2. When I worked inside a company what problems did I solve for my employer? What were the business ramifications of these problems?

I assembled a library of material to fill in massive educational gaps for understanding an extremely complex business environment that management foolishly considered so primitivistically simple it wouldn’t even require conscious thought. The business ramification of that problem was turnover, where I’d estimate solving that problem would reduce turnover from 25% per year to 10% per year.

I found ways to turn computer systems implemented for extensive, intrusive employee surveillance that were destroying productivity into useful research tools for the employees to use themselves to do their jobs better. The business ramification of that problem was also turnover, where I’d estimate solving that problem would reduce turnover from 25% per year to 20% per year.

I helped several coworkers with their computer work, ranging from the extremely tedious (which allow me to enjoy audiobooks and podcasts) to the extremely complicated (a few of my solutions were downright ingenius under the hood) to work merely requiring computer fluency and an organized workflow to complete them in a practical timeframe. Probably my biggest accomplishments here were 1) to enable support (our competitive edge) and therefore retain business at two large existing customers and 2) to enable the completion of a global contract at another large customer. The former work was probably worth about 10 million dollars’ worth of revenue (approximately $1.6 million profit) and the latter work was probably worth about 200 million dollars’ worth of revenue ($32 million profit).

I discovered a few technical issues at end users and responded quickly to them, which helped our brand loyalty among them by about 5% (where total opinion is the sum of personnel times each individual’s influence). Since the opinions of end users have about a 20% influence on buying decisions (where corporate’s opinion has risen to 40% influence and builders’ opinions have remained at 30%, 10% other), and that continued business stream is worth about $10 million per year in revenue ($1.6 million per year in profit), this work was worth approximately 0.05 * 0.20 * $10 million per year = $100k per year revenue ($16k profit).

Since only the latter category was a KPI for my job, and the profit was well under the total cost of keeping me on (approximately $200k/yr with all benefits and admin), they’ve basically been threatening to fire me once per month for the last two years. But when I tried to quit, they talked me into staying on. KPIs can be funny that way. There’s value and there’s metrics, and people who are full of shit (this tracks with narcissism, which my new estimating powers say means everyone) sometimes have trouble telling the difference.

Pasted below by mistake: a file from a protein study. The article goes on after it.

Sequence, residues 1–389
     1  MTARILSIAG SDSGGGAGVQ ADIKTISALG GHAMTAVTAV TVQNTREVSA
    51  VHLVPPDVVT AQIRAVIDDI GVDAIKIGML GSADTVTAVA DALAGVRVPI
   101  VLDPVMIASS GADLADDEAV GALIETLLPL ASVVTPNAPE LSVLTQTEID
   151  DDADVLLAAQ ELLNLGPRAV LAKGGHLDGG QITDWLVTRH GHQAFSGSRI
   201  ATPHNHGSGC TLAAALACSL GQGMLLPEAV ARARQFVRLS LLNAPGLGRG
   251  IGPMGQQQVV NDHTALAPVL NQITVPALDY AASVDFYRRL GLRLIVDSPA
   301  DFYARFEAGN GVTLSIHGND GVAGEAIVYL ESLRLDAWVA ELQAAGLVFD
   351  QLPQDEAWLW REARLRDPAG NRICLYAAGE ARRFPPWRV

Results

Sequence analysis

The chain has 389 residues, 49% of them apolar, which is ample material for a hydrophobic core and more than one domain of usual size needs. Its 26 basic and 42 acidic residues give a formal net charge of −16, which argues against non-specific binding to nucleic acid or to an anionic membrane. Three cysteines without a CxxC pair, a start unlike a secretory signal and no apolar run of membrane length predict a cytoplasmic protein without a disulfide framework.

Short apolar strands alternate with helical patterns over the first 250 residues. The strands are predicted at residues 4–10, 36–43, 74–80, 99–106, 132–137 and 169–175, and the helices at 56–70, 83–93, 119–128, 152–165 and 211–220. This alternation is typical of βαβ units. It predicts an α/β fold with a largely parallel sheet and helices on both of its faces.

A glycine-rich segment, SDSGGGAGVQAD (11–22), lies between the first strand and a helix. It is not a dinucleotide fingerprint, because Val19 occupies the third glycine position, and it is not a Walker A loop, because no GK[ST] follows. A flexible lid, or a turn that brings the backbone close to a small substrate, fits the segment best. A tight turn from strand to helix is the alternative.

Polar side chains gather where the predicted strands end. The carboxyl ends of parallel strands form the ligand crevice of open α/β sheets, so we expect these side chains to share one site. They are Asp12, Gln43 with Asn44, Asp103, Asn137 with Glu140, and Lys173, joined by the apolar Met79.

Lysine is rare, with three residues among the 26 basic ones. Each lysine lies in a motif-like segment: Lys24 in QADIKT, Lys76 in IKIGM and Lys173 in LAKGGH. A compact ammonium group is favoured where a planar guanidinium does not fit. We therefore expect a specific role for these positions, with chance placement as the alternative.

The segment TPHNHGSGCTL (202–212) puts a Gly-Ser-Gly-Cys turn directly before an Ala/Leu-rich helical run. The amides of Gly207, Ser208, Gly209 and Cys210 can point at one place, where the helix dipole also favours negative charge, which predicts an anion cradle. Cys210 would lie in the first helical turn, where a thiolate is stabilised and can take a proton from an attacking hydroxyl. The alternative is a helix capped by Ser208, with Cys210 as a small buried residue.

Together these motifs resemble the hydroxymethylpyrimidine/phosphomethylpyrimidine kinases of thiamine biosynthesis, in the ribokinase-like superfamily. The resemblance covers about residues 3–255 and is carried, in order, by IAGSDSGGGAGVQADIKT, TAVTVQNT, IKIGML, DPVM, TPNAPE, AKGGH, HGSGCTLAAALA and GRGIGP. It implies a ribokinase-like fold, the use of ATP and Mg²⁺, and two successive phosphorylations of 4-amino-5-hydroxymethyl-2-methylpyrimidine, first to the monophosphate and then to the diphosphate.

3. How would I describe the demographics, psychographics, and enabling conditions of the last organization in which I made an impact?

I’ll restrict this mostly to the people I actually made an impact with, since my work and I tend to be polarizing.

Demographics: Old, white, male, IQs averaging 120 with analytical tilt (125 analytical, 120 visual, 115 verbal), high extraversion, moderately high disagreeableness and conscientiousness, average openness, moderately low neuroticism.

Psychographics: History of maverick gitterdun culture hanging on by a thread in the face of corporate overreach, power consolidation, and outright flexing. This was probably a unique moment in time where the company had already succeeded enough to afford a support role and was not yet too degenerated in this traditionally maverick area to pay for one, even if the job wasn’t technically in the budget.

Enabling conditions: The aging workforce created a huge demand for my computer skills. Turnover was a huge issue, and if there hadn’t been a problem, the solutions wouldn’t have been necessary. The overwhelming emphasis on increasing headcount at all costs probably saved my job a thousand times over. The strategic imperative to prefer new business over old business really stretched the limits of my research skills.


Basically in a sane universe I would have been a researcher in every possible timeline. But what business has taught me is that nobody wants realistic answers unless they’re personally hurting and people who are personally hurting tend to have no purchasing power. What people will pay for, AFAICT, is to increase the insulation between their niche in the social pyramid and the world’s problems, or to break down someone else’s insulation in the hopes of eliminating a reproductive competitor. To wit, the money is in escapism and anarchotyranny (and the combination: scapegoating). Apparently, narcissists see reality as a gaping maw whose only utility is throwing other people into it. This is probably why I get so irritated at people who think truth is a one-edged sword, when Ephesians says the sword is “the Spirit, which is the word of God.” Truth was the belt (which is extremely funny in retrospect, having gotten a few tastes of reality in the past), and the Spirit is a double-edged sword, not a single-edged (Hebrews 4:12).